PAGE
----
Become a CRNA

Become a CRNA:

Nurse Anesthetist

The miracle of anesthesia made pain-free surgery a reality.  Nurse anesthetists, the first healthcare providers dedicated to the specialty of anesthesia, have their roots in the 1800s, when nurses first gave anesthesia to wounded soldiers on the battlefields of the Civil War. 

Today, Certified Registered Nurse Anesthetists (CRNAs) are master’s prepared advanced practice nurses who enjoy a high degree of autonomy and professional respect. CRNAs provide anesthetics to patients in every practice setting, and for every type of surgery or procedure. They are the sole anesthesia providers in nearly all rural hospitals, and the main provider of anesthesia to the men and women serving in the U.S. Armed Forces.

It takes 7-8 ½ years of coursework and clinical hours for a student registered nurse anesthetist (also known as SRNA, nurse anesthesia resident, nurse anesthesiology resident) to attain a master’s or doctoral degree in nurse anesthesia; during that time the SRNA will, on average, amass nearly 9,400 hours of clinical experience. The average experience of RNs entering nurse anesthesia educational programs is 2.9 years. CRNAs are the only anesthesia professionals required to attain clinical experience prior to entering an educational program.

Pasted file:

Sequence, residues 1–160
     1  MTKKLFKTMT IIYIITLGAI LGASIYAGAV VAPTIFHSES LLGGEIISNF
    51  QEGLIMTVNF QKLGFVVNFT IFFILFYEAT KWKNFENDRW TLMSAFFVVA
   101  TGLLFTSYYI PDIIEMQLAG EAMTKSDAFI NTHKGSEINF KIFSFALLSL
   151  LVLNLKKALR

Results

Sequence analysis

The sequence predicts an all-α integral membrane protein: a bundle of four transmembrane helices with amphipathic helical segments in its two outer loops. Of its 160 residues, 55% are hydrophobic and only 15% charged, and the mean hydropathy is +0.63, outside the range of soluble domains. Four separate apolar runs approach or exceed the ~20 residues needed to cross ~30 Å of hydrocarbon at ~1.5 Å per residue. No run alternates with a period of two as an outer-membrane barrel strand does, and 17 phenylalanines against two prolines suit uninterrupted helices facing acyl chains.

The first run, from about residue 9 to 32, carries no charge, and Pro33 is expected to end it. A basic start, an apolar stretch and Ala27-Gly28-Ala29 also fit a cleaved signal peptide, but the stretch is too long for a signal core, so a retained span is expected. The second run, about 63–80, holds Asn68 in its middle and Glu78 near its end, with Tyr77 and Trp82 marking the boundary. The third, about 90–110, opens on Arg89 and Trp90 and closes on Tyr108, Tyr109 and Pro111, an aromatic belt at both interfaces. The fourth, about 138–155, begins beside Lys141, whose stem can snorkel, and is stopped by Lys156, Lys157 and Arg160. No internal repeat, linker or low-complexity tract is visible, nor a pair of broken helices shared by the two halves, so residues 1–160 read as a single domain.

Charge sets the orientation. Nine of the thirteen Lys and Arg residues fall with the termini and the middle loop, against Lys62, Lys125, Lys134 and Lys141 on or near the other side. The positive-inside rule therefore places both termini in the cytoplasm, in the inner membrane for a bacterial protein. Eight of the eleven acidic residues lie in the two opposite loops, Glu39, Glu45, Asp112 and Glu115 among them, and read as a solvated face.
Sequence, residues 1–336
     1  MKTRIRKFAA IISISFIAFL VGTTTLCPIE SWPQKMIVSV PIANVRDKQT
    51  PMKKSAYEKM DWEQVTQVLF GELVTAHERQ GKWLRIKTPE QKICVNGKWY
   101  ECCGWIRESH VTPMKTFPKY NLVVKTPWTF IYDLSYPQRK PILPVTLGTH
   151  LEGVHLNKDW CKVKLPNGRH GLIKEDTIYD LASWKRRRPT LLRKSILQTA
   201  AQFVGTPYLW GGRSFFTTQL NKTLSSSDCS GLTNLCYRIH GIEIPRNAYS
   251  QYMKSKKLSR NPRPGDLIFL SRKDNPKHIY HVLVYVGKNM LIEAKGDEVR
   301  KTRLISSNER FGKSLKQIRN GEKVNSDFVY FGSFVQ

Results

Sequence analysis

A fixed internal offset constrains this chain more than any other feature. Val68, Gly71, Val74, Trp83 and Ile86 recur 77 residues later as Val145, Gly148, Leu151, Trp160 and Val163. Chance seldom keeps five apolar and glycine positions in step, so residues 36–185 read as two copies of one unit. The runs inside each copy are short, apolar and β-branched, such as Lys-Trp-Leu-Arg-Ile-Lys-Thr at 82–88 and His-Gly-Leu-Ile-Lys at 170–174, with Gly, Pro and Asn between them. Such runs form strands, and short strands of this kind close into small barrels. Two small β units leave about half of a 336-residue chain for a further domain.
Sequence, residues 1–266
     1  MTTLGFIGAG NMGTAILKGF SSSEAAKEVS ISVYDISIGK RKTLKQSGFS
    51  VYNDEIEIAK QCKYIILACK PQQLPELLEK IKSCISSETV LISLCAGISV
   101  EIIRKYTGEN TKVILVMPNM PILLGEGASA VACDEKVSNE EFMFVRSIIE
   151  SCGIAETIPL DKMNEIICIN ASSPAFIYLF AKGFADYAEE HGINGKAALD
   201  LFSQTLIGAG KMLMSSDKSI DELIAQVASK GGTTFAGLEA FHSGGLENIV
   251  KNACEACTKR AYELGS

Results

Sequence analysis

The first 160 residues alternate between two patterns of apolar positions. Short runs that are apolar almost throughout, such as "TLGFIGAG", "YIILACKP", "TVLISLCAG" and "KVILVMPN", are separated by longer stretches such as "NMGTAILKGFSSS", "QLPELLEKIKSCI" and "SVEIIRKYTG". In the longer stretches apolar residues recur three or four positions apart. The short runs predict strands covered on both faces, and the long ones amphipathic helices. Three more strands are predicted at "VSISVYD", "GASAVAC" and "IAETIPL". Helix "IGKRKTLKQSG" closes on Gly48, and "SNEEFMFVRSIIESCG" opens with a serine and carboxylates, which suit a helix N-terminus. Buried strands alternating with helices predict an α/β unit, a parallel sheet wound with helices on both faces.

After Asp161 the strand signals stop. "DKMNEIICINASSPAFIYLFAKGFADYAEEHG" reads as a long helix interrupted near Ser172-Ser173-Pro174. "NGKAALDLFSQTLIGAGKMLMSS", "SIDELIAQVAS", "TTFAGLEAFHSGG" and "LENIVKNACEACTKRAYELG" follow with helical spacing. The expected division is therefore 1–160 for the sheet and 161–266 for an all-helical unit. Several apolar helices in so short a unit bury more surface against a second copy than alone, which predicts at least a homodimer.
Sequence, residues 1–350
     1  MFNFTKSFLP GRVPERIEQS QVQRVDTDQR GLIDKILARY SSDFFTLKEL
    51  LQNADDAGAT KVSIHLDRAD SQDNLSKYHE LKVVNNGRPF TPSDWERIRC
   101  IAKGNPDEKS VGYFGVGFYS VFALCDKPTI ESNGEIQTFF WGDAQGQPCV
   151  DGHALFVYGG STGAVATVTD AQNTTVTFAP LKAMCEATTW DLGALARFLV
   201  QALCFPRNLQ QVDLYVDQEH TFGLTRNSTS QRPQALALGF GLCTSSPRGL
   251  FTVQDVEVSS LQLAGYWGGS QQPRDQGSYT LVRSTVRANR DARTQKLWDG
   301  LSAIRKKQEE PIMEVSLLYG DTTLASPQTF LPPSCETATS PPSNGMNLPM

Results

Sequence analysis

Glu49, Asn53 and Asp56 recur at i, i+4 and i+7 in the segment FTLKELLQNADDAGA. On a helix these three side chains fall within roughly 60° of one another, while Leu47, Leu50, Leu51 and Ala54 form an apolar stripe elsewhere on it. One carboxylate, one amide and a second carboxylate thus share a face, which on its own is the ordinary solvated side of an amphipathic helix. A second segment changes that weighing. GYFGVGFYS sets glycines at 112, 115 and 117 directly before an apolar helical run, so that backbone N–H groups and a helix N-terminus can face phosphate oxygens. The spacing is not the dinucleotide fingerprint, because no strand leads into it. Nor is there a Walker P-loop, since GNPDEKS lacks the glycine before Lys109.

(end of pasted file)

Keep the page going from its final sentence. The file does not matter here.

The requirements for becoming a Certified Registered Nurse Anesthetist (CRNA) mainly include having a bachelor's degree in nursing (or other appropriate baccalaureate degree); Registered Nurse licensure in the U.S., its territories or protectorates; a minimum of one year critical care experience (for example, ICU) in the U.S. its territories or a U.S. military hospital outside the U.S.; and the successful completion of both an accredited nurse anesthesia educational program and the national certification examination.

CRNAs: We are the Answer

For more information about the nurse anesthesia programs in Texas see below:

Nurse Anesthesia Programs Located in Texas:

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